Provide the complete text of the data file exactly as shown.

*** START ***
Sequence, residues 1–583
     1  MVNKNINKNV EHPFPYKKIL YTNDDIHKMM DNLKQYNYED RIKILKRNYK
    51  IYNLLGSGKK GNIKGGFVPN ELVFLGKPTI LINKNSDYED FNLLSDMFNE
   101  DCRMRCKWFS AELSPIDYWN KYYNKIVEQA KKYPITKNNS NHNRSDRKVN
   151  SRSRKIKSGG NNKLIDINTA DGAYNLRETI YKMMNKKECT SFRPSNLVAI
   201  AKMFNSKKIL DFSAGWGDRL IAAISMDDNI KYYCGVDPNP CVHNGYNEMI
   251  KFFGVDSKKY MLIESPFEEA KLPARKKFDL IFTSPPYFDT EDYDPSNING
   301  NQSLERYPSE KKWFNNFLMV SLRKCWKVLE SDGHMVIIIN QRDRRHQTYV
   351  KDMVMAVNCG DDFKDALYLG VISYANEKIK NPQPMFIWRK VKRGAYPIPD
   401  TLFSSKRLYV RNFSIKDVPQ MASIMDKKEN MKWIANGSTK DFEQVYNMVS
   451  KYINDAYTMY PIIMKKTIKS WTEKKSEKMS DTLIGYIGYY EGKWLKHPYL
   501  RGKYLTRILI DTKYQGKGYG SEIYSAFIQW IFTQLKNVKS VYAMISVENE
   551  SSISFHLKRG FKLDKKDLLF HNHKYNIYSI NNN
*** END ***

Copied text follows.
Sequence, residues 1–583
     1  MVNKNINKNV EHPFPYKKIL YTNDDIHKMM DNLKQYNYED RIKILKRNYK
    51  IYNLLGSGKK GNIKGGFVPN ELVFLGKPTI LINKNSDYED FNLLSDMFNE
   101  DCRMRCKWFS AELSPIDYWN KYYNKIVEQA KKYPITKNNS NHNRSDRKVN
   151  SRSRKIKSGG NNKLIDINTA DGAYNLRETI YKMMNKKECT SFRPSNLVAI
   201  AKMFNSKKIL DFSAGWGDRL IAAISMDDNI KYYCGVDPNP CVHNGYNEMI
   251  KFFGVDSKKY MLIESPFEEA KLPARKKFDL IFTSPPYFDT EDYDPSNING
   301  NQSLERYPSE KKWFNNFLMV SLRKCWKVLE SDGHMVIIIN QRDRRHQTYV
   351  KDMVMAVNCG DDFKDALYLG VISYANEKIK NPQPMFIWRK VKRGAYPIPD
   401  TLFSSKRLYV RNFSIKDVPQ MASIMDKKEN MKWIANGSTK DFEQVYNMVS
   451  KYINDAYTMY PIIMKKTIKS WTEKKSEKMS DTLIGYIGYY EGKWLKHPYL
   501  RGKYLTRILI DTKYQGKGYG SEIYSAFIQW IFTQLKNVKS VYAMISVENE
   551  SSISFHLKRG FKLDKKDLLF HNHKYNIYSI NNN